Leigh Bardugo knows quite well on how to spin a yarn and write characters that we get attached to. While we have the veterans in Zoya, Nikolai, Genya, David, whom we see adjusting to their new roles, the character of Isaak, who plays a stand in for King Nikolai, when he goes missing (basically trapped in the Shadow Fold), plays as an interesting POV as an outsider. Through him, we are introduced to the politics of the court, the responsibilities of the king and his duty to find a wife and the next queen. It is heartbreaking to see a love story play out when Isaak falls in love with the Shu Han princess. We now it will never work out when Nikolai returns, but what is more worse is the way the whole scenario plays out with the princess, actually being an assassin, who kills Isaak. Just as we start liking this character and root for him, the rug gets pulled out from underneath us.
Nina Behind Enemy Lines
A deeper glimpse of Fjerda and their persecution of the Grisha is portrayed through Nina's eyes. Even though our heroes sought to safeguard the knowledge of jurda parem from the hands of the enemy in the Crows duology, it seems the Fjerdans had found a way to experiment with it.
“Sometimes scientific discoveries are like that,” said Wylan. “Once people know something is possible, the pace of new findings increases. After that, it’s like trying to get a swarm of hornets back into their nest”
- Six of Crows
The entire story has a dark tone to it. Nina's power have transformed by the use of jurda parem, from a Heartrender to Death Wielder. Listening to the dead, she is led to this small town in Fjerda, where she discovers a gravesite with so many buried women. She follows their trail to the nearby factory and discovers the horrible truth of the experimentation of jurda parem on pregnant Grisha, to get them addicted and give birth to babies, who are addicted from birth, giving Fjerdans absolute control over them.
Helping Nina through Fjerda are two Grisha, Adrik and Leoni. Both of them featured as side characters in the Shadow and Bone series and it took me some time to place them. In fact, we witness Adrik losing his hand in the Shadow and Bone series and also his infatuation with Zoya, which he now seems to have overcome, replaced with a love for Leoni.
While we see Nina dealing with her loss of Mathias, we see her find a new love in the form of Hanne, a girl from the local monastary, who is also a Grisha Heartrender. Through her, we see Nina have hope of transformation in the minds of Fjerda to grow more accepting of the Grisha. While she makes sure to hide her true identity from Hanne, Nina takes her help to break all the girls out of the factory.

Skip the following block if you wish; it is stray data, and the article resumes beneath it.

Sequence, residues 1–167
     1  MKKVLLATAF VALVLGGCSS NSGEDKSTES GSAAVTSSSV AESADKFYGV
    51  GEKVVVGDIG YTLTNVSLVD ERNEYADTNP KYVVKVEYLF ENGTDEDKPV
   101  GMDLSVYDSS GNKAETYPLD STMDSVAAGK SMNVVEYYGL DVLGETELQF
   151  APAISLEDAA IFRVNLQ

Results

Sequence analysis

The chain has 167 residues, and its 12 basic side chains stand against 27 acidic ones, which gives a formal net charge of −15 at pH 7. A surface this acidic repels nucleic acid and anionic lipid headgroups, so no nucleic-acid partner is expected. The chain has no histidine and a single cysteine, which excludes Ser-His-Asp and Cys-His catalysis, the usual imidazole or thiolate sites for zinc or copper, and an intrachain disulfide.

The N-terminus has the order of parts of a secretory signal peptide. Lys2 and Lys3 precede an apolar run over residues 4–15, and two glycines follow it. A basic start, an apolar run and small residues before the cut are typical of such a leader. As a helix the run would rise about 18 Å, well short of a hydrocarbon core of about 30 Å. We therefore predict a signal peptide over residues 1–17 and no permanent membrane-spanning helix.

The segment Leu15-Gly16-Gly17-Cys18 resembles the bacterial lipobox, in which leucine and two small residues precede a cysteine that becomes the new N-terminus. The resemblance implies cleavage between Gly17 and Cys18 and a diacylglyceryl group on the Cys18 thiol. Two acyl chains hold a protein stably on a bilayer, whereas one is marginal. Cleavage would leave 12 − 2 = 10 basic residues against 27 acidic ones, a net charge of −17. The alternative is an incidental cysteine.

What comes as a surprise twist is Jarl Brum, who previously featured in the Six of Crows heist, shamed by Nina herself during their escape. He turns out to be Hanne's father and still holds a misogynistic attitude against women. He does not recognize Nina as she has been tailored by Genya to look different. Again, we can see that the tailoring powers have been upgraded, as I previously had noted in the Crows duology.
While Jarl Brum tries to throw a spanner in the works during the breakout from the factory, Nina and her team succeed in creating a miracle and rallying the local village to help in their escape. She however chooses to stay back with Hanne and further infiltrate from within.
One of the things I noticed about the book was how it had an overall dark tone to it. On both ends, we see a world that needs fixing. There are literal and figurative demons to be handled across both the storylines and in the journey to take them down, our heroes make peace with their darkness.
As we near the end of the book, the pieces are brought into position with the eventual setup for the next book. I found myself drawn into the two stories, glad to have some quality time with two of my favorite characters in the series. As I wrote this article, I realize that two parallel stories were being played out and yet as it featured familiar characters, they blend in well with each other serving as tense breakers between POVs. I am looking forward to the resolution of the stories in Rule of Wolves and to see how the Darkling's story plays out.